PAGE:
An annual plant native to the Americas the Sunflower has been traced back to around 2600B.C.E. found in the state of Tabasco in Mexico. In the United States a fully domesticated sunflower can be traced back to around 2300BC right here in Tennessee! Usually growing between 5-12 feet the tallest in record soared at 25.25ft high!
The flower’s name is derived from it’s shape often invoking images of the sun. The circular “flower head” actually consists of numerous small flowers crowded in the center surrounded by petal-bearing florets that can range in color from shades of yellow, red, orange, and russet. It is the small florets in the center often consisting from 1,000 to 2,000 individual flowers that actually bear the fruit; what we commonly see as sunflower seeds.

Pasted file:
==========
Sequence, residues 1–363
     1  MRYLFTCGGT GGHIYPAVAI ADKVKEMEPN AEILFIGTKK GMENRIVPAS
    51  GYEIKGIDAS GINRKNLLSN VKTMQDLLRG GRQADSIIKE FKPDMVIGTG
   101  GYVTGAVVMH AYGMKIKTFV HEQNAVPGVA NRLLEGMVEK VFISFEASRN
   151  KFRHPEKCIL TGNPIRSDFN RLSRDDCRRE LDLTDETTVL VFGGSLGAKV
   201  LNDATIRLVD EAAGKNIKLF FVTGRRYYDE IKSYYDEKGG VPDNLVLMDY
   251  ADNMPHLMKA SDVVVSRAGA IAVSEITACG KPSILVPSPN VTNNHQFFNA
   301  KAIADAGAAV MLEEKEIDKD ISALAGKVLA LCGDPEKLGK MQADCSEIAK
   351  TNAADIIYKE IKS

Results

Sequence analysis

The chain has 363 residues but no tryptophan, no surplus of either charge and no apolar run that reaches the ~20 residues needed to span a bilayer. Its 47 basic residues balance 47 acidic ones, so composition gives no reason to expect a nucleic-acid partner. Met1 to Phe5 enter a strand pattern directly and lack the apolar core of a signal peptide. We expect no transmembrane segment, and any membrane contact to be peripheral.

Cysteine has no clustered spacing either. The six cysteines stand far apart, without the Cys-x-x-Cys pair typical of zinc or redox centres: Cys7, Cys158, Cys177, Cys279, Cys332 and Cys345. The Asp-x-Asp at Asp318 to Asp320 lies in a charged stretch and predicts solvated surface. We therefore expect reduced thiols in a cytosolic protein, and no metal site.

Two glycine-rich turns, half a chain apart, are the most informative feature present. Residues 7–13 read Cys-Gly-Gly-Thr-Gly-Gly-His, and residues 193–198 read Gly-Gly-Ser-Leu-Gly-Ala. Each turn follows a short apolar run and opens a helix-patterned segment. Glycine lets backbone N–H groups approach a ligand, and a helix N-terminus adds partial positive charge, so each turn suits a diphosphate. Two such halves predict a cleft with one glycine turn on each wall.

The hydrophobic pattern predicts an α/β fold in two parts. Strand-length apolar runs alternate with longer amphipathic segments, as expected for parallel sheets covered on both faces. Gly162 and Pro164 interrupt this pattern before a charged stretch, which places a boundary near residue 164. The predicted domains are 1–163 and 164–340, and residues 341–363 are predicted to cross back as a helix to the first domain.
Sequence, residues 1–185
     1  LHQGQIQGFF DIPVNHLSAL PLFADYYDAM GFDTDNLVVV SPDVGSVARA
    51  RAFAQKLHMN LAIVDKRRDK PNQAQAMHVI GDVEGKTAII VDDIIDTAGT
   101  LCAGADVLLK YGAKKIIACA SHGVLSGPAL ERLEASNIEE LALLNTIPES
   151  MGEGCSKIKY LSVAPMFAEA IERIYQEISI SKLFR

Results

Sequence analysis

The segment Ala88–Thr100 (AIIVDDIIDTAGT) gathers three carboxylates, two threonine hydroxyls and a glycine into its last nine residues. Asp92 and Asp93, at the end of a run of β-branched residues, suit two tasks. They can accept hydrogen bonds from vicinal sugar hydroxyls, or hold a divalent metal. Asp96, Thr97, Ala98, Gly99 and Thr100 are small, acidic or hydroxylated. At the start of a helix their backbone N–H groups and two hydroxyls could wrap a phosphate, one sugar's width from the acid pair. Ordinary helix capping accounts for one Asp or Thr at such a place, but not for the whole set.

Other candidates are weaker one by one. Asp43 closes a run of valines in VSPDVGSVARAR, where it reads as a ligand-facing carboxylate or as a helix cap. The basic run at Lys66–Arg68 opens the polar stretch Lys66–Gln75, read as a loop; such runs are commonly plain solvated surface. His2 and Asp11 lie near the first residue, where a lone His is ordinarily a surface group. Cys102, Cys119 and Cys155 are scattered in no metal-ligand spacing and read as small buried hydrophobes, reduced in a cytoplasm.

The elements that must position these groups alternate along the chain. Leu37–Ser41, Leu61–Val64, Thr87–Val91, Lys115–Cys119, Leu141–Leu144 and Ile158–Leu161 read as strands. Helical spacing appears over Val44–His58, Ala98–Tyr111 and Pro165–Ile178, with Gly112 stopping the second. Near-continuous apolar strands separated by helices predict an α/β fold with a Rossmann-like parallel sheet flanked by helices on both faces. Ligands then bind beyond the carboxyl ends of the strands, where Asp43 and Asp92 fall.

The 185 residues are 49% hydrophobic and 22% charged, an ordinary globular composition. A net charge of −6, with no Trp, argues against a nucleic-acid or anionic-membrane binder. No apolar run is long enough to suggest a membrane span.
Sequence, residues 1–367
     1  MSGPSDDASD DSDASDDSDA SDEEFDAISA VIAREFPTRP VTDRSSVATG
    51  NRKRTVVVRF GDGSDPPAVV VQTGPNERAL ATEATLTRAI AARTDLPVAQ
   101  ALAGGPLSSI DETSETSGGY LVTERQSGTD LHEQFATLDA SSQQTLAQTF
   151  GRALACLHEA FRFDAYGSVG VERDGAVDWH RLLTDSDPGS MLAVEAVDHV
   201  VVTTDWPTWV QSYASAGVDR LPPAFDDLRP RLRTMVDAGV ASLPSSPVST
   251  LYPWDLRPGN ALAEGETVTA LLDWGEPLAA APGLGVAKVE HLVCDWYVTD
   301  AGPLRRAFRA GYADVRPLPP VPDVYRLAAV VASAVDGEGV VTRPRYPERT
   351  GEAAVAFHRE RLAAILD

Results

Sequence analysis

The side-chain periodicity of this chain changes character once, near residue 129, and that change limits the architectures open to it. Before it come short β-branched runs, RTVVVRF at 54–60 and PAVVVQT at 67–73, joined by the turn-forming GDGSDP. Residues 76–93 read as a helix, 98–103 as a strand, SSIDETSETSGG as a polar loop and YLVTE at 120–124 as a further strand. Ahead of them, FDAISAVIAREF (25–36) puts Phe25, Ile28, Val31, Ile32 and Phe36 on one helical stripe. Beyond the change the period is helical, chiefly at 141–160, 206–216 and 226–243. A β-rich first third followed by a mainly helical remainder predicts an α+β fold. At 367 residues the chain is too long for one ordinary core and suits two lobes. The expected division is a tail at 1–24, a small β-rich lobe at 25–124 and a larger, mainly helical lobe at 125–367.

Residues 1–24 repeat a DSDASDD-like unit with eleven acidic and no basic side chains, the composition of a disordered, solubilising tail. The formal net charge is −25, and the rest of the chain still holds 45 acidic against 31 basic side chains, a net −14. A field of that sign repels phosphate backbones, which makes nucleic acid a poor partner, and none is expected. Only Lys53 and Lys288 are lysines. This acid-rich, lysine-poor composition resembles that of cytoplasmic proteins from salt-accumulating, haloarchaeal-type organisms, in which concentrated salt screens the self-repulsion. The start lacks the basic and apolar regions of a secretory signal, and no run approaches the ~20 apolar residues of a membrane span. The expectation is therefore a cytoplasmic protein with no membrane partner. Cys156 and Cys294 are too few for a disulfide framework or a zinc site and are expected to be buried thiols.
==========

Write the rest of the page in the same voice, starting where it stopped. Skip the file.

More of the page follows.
In addition to the “seeds” as a snack item we can also use them for sunflower oil, a peanut butter alternative or mixed with rye flower to make a bread popular in areas of German-speaking Europe. The American Indians used sunflowers in bread as well but also for medical ointments, dyes and body paints. Referred to as the “fourth sister” the Indians would plant the sunflower on the north edge of gardens along with the other “three sisters”; corn, beans, and squash. Leaves of the sunflower can be used as cattle feed, while the stems contain a fiber which may be used in paper production. Sunflowers also produce latex, and may soon be an alternative crop for producing non-allergenic rubber.
Sunflowers can be used to extract toxic ingredients from soil, such as lead, arsenic and uranium, and to neutralize radionuclides and other toxic ingredients and harmful bacteria from water. They were used to clean up a nearby pond after the Chernobyl disaster, and a similar campaign was started after the nuclear disaster at Fukushima Daiichi.
The sunflower is the state flower of Kansas, the national flower of the Ukraine, and the symbol of the Vegan Society.